Last year I noted a change in local ant and wasp populations in my garden and nearby allotment.
For the last seven or eight years the plum trees in both areas have been heavily infested by aphids. These were well attended by the usual black ants. As the season developed wasps also clearly had a great interest in the trees. So much so that I had to be wary when doing any light pruning.
In spring last year 2017, the aphids began to appear as normal but I noted a number of what I discovered were Harlequin ladybirds. They were first noticeable in the allotment the previous year. There was then a very noticeable flush of ladybird larvae and then subsequent pupae. Much more than I have observed in the past. When these hatched the greenfly were clearly under attack. By late July there was hardly an aphid left.
In my allotment I have a mature plot of asparagus. Each year these are attacked by Asparagus beetles. A wonderful insect to look at but the caterpillars reduce the fronds to nothing. And nothing seemed to predate them. Not a wasp to be seen. However this year while the infestation was developing it seemed to stall and then I saw a Harlequin ladybird actually eatiing a beetle grub. Within a fortnight the whole infestation had gone. The same situation developed on the broadbeans which are highly susceptable to black greenfly being 'farmed' by black ants. You could see where the aphids had damaged the plants but they had all gone. At the time I thought this was great but I now worry about the wider implications.
Normally in mid summer the ants swarm. The actual date changes but the swarms have been large and consistant with many coming up into our kitchen through the brickwork over two or three days. Last year the swams barely happened. Small, fitful and late. I thought it might have been the weather but at the same time the wasps which usually make it difficult to pick the plums were much depleted. They normally don't seem too bothered and bite holes in any plum that's about ripe. Last year the lack of wasps was remarkable. And now I think worrying.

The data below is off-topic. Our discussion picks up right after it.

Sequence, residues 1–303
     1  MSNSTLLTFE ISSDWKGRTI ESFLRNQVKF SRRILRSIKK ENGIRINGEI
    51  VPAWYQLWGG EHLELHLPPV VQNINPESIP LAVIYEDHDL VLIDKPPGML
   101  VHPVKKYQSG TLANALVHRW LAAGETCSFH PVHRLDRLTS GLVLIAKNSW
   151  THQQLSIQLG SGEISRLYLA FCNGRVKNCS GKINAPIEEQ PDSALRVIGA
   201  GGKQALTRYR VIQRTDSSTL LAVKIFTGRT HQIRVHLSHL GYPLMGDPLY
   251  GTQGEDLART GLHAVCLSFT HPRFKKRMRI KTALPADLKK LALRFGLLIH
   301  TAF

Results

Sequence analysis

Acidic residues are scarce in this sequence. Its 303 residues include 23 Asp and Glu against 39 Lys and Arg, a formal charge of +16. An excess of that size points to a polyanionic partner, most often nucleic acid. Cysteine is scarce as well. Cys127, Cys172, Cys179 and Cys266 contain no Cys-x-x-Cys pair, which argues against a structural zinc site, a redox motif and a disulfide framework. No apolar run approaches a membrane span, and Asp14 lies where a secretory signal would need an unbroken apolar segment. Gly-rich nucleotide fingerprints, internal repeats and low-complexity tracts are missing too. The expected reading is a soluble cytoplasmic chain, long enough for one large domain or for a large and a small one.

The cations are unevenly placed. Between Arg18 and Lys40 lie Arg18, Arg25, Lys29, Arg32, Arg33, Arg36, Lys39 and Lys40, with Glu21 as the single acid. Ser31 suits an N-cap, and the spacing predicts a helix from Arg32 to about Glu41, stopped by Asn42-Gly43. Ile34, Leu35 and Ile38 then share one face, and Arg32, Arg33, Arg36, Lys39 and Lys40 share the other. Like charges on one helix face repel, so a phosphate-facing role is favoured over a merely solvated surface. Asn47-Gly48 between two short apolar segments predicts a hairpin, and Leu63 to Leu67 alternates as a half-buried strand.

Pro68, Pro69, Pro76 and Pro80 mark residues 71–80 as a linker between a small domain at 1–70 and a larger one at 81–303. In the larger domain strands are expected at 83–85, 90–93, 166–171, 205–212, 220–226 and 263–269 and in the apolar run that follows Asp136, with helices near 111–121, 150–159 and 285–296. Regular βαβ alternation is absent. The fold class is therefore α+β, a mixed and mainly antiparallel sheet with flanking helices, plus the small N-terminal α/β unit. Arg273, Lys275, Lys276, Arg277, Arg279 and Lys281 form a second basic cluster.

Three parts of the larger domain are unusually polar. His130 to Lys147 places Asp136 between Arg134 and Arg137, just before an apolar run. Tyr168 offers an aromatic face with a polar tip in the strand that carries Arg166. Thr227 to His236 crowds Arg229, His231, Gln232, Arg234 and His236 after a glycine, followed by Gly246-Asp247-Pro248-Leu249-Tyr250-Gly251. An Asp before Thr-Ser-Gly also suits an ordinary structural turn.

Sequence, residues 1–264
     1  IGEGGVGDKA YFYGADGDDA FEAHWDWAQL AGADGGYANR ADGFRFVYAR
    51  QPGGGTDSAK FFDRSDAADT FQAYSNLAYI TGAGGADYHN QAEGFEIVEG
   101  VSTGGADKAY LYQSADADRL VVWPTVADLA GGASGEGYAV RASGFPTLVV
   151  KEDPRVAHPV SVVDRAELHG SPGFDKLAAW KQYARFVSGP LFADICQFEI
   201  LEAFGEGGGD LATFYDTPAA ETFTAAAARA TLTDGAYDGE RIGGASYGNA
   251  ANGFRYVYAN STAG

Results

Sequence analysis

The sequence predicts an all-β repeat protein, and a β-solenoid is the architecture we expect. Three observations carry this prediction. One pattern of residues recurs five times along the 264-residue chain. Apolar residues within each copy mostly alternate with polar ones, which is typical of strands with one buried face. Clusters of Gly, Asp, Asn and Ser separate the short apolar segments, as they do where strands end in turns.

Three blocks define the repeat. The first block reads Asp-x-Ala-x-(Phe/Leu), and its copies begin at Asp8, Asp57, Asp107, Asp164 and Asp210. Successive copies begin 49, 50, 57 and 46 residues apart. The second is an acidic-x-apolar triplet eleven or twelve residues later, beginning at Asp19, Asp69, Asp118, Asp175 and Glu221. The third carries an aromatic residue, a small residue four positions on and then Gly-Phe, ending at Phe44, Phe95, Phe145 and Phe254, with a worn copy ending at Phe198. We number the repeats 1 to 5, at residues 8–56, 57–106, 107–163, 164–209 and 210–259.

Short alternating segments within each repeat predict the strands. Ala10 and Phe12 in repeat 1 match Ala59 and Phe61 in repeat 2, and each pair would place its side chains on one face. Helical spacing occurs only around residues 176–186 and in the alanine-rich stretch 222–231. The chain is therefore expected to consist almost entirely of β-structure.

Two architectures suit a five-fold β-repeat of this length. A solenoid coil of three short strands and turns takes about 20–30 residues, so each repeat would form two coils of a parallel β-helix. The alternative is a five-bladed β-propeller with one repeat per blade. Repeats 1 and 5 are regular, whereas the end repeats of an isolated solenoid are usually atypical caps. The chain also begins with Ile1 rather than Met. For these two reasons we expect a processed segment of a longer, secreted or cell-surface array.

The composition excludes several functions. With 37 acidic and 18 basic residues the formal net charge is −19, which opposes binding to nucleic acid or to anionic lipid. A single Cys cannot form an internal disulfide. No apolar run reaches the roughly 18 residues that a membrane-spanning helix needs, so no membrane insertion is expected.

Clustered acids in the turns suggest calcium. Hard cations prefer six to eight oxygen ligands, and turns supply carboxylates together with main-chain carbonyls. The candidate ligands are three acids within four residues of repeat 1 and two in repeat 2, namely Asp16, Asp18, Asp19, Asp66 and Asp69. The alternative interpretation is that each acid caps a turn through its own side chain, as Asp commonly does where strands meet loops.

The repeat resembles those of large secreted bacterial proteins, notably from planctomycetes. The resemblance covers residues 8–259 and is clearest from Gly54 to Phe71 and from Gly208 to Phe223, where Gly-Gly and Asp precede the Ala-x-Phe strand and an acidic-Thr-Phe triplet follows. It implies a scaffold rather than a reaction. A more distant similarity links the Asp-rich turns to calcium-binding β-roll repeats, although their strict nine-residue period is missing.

It looks on the face of it that the ants and wasps are being squeezes out from their normal sources of food/prey by the Harlequins. If this is so then this year if vast numbers of Harlequins survive the winter then the aphids will never develop in any numbers and this can't be good for the ants or wasps. And if this is right then what on earth is going to happen to other insects with vulnerable larval stages? Will butterflies disappear next year as well as ants and wasps?
I know this isn't scientifically recorded but I feel I need to flag up to someone. Will record dates etc. this year.